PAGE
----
Document Detail

The cerebrovascular dysfunction induced by slow pressor doses of angiotensin II precedes the development of hypertension.
MedLine Citation:
PMID:  20971763     Owner:  NLM     Status:  MEDLINE    
Hypertension alters cerebrovascular regulation and increases the brain's susceptibility to stroke and dementia. We investigated the temporal relationships between the arterial pressure (AP) elevation induced by "slow pressor" angiotensin II (ANG II) infusion, which recapitulates key features of human hypertension, and the resulting cerebrovascular dysfunction. Minipumps delivering saline or ANG II for 14 days were implanted subcutaneously in C57BL/6 mice (n = 5/group). Cerebral blood flow was assessed by laser-Doppler flowmetry in anesthetized mice equipped with a cranial window. With ANG II (600 ng · kg(-1) · min(-1)), AP started to rise after 9 days (P < 0.05 vs. saline), remained elevated at 11-17 days, and returned to baseline at 21 days (P > 0.05). ANG II attenuated the cerebral blood flow increase induced by neural activity (whisker stimulation) or endothelium-dependent vasodilators, an effect observed before the AP elevation (7 days), as well as after the hypertension subsided (21 days). Nonpressor doses of ANG II (200 ng · kg(-1) · min(-1)) induced cerebrovascular dysfunction and oxidative stress without elevating AP (P > 0.05 vs. saline), whereas phenylephrine elevated AP without inducing cerebrovascular effects. ANG II (600 ng · kg(-1) · min(-1)) augmented neocortical reactive oxygen species (ROS) with a time course similar to that of the cerebrovascular dysfunction. Neocortical application of the ROS scavenger manganic(I-II)meso-tetrakis(4-benzoic acid)porphyrin or the NADPH oxidase peptide inhibitor gp91ds-tat attenuated ROS and cerebrovascular dysfunction. We conclude that the alterations in neurovascular regulation induced by slow pressor ANG II develop before hypertension and persist beyond AP normalization but are not permanent. The findings unveil a striking susceptibility of cerebrovascular function to the deleterious effects of ANG II and raise the possibility that cerebrovascular dysregulation precedes the elevation in AP also in patients with ANG II-dependent hypertension.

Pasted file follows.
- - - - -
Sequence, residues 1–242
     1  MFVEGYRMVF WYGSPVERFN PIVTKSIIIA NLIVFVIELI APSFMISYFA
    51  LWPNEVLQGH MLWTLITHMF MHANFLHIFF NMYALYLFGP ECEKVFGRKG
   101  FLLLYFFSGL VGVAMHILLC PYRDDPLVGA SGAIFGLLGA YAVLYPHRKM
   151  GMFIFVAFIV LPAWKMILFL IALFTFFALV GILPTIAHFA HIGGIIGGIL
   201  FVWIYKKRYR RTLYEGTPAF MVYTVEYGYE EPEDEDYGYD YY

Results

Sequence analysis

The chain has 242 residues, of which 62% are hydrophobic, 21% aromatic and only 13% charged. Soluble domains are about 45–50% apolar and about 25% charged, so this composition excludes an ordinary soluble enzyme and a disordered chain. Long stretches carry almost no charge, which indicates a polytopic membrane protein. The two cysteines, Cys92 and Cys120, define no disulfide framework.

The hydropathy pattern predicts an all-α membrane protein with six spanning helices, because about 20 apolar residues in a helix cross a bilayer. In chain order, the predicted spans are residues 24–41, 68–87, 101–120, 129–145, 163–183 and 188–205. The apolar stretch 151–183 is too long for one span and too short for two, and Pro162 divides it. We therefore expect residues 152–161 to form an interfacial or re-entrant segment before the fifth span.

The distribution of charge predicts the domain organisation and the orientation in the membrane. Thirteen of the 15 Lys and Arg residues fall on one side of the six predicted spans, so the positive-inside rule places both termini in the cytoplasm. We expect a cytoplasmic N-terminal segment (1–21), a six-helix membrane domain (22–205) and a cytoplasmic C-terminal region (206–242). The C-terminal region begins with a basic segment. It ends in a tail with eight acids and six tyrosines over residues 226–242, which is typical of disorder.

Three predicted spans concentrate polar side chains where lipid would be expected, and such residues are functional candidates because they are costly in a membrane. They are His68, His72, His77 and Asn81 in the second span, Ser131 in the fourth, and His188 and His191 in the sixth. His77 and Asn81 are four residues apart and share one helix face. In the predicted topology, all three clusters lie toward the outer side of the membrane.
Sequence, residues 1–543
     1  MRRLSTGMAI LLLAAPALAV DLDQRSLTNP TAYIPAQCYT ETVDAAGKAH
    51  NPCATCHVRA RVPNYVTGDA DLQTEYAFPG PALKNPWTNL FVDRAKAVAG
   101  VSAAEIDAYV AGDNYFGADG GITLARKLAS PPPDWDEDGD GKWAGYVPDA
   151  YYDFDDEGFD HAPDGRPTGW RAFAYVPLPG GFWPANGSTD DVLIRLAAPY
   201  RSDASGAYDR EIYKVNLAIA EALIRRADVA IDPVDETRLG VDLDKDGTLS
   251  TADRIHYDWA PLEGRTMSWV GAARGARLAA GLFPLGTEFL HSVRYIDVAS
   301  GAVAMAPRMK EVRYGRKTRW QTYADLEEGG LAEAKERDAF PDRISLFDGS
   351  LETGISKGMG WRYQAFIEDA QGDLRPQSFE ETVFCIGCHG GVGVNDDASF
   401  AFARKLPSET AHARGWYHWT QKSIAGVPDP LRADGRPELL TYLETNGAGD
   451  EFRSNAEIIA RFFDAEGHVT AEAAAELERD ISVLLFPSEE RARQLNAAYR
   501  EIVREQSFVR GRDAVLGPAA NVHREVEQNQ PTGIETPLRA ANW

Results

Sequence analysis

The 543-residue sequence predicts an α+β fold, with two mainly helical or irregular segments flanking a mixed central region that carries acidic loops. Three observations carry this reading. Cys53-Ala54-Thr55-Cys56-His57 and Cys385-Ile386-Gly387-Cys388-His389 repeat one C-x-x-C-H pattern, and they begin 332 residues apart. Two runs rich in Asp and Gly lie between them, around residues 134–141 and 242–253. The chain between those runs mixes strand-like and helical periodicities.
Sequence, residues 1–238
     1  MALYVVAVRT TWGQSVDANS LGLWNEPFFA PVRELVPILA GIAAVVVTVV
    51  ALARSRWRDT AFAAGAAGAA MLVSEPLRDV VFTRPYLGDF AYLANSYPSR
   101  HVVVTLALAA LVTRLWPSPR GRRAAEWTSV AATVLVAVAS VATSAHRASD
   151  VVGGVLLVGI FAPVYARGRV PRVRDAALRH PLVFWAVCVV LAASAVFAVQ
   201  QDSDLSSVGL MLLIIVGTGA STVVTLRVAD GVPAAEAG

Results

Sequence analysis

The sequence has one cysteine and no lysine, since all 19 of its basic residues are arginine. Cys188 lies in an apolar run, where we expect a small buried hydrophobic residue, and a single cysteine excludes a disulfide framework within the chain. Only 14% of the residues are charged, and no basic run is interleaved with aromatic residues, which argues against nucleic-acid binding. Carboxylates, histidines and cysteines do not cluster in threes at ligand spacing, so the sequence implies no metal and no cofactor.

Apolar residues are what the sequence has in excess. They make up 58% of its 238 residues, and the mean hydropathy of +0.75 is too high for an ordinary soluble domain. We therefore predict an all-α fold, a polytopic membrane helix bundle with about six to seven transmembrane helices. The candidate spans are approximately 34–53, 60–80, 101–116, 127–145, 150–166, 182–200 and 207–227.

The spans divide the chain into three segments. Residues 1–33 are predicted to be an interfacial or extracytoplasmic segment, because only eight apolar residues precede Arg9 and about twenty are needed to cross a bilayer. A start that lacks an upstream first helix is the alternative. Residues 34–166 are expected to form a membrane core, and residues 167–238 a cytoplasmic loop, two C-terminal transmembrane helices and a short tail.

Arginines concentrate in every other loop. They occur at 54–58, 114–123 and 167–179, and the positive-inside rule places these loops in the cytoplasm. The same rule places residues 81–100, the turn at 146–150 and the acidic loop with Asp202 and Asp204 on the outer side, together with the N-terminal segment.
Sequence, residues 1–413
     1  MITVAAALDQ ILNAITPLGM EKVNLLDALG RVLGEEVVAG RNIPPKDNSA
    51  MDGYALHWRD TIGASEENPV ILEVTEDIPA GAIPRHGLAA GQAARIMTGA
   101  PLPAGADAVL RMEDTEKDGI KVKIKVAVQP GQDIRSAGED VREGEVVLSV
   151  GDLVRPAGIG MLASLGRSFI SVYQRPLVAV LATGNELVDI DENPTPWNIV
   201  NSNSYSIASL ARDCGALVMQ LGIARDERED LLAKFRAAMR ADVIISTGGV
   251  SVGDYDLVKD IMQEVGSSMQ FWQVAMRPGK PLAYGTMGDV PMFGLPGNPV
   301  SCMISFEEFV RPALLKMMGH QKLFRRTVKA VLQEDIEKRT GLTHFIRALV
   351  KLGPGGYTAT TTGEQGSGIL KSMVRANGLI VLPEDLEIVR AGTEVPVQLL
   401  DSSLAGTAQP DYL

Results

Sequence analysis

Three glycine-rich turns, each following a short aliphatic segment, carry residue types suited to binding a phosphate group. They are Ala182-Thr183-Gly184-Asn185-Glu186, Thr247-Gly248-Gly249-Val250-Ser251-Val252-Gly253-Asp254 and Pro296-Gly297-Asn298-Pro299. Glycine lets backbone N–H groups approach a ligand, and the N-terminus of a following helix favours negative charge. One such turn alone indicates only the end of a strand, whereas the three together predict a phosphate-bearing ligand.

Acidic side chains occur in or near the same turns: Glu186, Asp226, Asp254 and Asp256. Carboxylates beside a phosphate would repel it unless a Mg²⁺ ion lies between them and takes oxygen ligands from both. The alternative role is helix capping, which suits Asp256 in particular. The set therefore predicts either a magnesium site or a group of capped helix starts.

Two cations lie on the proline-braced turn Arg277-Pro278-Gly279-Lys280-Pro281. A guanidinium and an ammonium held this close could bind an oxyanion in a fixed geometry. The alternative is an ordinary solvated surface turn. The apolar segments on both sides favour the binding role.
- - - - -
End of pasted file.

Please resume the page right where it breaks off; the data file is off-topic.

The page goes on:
Carmen Capone; Giuseppe Faraco; Laibaik Park; Xian Cao; Robin L Davisson; Costantino Iadecola
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Publication Detail:
Type:  Journal Article; Research Support, N.I.H., Extramural     Date:  2010-10-22
Journal Detail:
Title:  American journal of physiology. Heart and circulatory physiology     Volume:  300     ISSN:  1522-1539     ISO Abbreviation:  Am. J. Physiol. Heart Circ. Physiol.     Publication Date:  2011 Jan 
Date Detail:
Created Date:  2011-01-04     Completed Date:  2011-01-28     Revised Date:  2014-09-18    
Medline Journal Info:
Nlm Unique ID:  100901228     Medline TA:  Am J Physiol Heart Circ Physiol     Country:  United States    
Other Details:
Languages:  eng     Pagination:  H397-407     Citation Subset:  IM    
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MeSH Terms
Analysis of Variance
Angiotensin II / administration & dosage*,  metabolism
Blood Pressure / drug effects*
Cerebrovascular Circulation / drug effects*,  physiology
Evoked Potentials / drug effects
Hypertension / chemically induced*,  metabolism
Infusion Pumps
Laser-Doppler Flowmetry
Mice, Inbred C57BL
Oxidative Stress / drug effects
Reactive Oxygen Species / metabolism
Time Factors
Vasoconstrictor Agents / administration & dosage,  metabolism
Vibrissae / physiology
Grant Support
Reg. No./Substance:
0/Reactive Oxygen Species; 0/Vasoconstrictor Agents; 11128-99-7/Angiotensin II

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